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Is it true that the adverb of frequency can be used at the end of a sentence when it follows an intransitive verb or a direct object of the subject.
  • He speaks seldom.
  • I visit her frequently.
What's wrong with;
  • He seldom speaks.
GB
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Comments  (Page 4) 
If someone who learns English or any other language says to himself "I must/have to do this only this way", then he will be forever crippled in that language. For a test or exam, please, follow the given rules. For real learning, try to make a mistake, blunder and see for yourself why it is a mistake or blunder. Being afraid that you are going to make an error in a new language is the stupidest thing one can be you can do.
Very well said!
CJ
AlienvoordI hit the ball hard, the ball that was small in a beautiful garden with many people sitting and pigeons flying around on a sunny beautiful day by the lake.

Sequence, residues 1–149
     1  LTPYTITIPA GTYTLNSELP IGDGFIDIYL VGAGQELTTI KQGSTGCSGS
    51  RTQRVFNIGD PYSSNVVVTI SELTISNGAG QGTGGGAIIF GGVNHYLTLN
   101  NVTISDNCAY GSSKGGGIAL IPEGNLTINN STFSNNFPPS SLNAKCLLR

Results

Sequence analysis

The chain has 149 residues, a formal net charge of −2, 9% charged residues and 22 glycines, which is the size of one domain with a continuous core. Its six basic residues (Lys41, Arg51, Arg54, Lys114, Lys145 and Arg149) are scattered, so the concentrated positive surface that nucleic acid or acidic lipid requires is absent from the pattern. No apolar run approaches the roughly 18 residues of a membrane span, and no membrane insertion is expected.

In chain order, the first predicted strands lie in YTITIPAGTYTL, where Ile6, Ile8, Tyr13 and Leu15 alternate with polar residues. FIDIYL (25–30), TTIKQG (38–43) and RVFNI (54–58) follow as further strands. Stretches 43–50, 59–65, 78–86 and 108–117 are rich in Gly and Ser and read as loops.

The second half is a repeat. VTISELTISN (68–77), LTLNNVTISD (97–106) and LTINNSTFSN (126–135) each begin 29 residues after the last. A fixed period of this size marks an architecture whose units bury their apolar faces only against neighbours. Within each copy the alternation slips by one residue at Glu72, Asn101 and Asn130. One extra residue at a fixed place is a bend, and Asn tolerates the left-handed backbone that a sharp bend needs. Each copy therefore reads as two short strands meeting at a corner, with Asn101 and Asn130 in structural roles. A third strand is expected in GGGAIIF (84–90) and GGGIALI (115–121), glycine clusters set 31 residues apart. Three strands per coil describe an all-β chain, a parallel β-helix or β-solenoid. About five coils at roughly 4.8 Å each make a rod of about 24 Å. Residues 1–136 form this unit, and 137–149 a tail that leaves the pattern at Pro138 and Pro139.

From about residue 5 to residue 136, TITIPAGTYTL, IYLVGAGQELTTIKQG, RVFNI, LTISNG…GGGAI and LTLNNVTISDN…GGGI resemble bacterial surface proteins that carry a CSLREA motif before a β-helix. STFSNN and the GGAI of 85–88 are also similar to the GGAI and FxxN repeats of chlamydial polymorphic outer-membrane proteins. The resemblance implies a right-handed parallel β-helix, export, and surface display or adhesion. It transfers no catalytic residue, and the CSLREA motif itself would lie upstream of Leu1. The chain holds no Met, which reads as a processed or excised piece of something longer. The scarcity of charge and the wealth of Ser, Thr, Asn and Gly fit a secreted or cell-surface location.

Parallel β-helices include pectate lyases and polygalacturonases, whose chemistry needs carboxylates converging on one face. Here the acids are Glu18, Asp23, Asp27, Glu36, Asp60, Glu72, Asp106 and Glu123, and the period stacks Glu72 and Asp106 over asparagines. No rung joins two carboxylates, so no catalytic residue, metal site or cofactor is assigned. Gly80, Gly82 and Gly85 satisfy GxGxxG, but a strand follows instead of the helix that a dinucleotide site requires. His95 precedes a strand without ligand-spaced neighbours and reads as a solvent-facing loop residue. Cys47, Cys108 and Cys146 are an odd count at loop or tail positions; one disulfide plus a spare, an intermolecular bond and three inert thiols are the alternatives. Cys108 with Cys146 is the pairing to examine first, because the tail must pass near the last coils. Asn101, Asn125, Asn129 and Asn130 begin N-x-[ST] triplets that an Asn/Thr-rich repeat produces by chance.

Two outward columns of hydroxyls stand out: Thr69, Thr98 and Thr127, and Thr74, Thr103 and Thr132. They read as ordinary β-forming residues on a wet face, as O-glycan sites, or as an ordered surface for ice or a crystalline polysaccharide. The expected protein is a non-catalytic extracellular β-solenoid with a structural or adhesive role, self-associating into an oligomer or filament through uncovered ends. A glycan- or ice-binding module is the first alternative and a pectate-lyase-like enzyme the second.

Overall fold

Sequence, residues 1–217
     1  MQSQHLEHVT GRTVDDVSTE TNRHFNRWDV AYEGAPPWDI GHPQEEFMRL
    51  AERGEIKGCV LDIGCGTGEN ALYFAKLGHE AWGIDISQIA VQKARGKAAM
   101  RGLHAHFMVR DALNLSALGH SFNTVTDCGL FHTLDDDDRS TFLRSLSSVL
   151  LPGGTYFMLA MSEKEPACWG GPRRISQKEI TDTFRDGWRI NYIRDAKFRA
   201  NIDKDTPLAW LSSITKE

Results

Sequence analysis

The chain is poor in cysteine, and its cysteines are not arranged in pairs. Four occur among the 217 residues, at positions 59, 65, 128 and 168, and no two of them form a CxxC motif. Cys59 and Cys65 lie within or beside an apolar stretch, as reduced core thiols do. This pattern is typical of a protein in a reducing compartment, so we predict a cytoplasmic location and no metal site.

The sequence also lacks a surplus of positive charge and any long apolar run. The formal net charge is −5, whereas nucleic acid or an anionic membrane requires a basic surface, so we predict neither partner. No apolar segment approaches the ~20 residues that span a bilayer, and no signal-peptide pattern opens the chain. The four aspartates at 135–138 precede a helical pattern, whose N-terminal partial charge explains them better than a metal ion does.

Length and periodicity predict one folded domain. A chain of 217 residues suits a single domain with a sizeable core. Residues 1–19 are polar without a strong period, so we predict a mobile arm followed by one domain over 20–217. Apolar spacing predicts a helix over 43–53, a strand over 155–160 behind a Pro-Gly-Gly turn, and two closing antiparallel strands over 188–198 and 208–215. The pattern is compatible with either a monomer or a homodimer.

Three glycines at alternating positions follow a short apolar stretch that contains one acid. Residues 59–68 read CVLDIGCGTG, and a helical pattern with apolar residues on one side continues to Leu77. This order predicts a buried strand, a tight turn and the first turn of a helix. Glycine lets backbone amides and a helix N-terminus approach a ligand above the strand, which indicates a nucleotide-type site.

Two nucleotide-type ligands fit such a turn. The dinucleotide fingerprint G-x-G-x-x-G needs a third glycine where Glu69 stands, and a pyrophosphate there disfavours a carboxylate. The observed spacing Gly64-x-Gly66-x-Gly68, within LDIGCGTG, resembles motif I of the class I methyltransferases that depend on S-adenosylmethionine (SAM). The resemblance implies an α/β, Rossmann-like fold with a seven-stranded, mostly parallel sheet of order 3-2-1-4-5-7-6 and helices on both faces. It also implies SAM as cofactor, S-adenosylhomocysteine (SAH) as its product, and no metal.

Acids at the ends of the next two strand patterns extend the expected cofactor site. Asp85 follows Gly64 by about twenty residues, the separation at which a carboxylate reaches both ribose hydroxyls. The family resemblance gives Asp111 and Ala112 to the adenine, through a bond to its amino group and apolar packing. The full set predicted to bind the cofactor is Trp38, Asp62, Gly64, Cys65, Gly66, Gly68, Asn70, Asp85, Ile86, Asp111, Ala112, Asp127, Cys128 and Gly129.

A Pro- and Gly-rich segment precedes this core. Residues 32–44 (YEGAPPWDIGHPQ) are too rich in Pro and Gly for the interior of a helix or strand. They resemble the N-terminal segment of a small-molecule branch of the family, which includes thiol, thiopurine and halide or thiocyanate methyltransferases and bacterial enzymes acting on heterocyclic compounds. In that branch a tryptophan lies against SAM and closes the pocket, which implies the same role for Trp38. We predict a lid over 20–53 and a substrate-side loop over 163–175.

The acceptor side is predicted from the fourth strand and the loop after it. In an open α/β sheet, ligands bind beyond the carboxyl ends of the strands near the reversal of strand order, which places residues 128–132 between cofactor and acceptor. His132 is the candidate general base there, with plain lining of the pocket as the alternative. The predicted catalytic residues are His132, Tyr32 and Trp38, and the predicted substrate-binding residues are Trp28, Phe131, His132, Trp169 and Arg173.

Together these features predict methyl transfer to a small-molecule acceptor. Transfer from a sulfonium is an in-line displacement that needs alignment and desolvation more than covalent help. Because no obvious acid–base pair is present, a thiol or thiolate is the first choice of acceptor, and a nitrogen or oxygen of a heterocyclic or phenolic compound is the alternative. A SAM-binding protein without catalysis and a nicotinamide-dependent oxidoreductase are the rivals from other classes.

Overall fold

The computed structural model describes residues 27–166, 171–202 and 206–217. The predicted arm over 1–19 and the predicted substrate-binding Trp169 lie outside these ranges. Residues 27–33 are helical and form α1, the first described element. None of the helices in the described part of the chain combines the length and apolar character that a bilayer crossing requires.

This is ok, because as CJ says the heavy clause goes at the end, otherwise the meaning can be obscured.

He played hard the entire game. (ok)
*He hit hard the ball. (not ok)

As CJ says the first sentence is ok because "play" does not have an object. In the second sentence, "hit" has an object, and the adverb must go at the end.

This is also ok, for the same reason:

I worked hard the whole day.

but not:

*I played well the game.

Here there is an object, so it must be:

I played the game well.


Correct, but my point was in comparing

  • He played hard the entire game.
  • He played the entire game hard.


  • both are fine. I invited to think why, when other cases we displayed here do not allow the same switch. Nothing else.

    (The explanation is in the CJ's post 259360.)

    (By the way *I hit hard the ball. is better in these forms: I hit hard, the ball. and The ball, I hit hard. if you want to use them for some reason.)
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CJ
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Hey folks,
can usually be used at the end of a sentence?

Thanks in advance for the reply.
Hi,

Yes, it can, often preceded by a comma.

Clive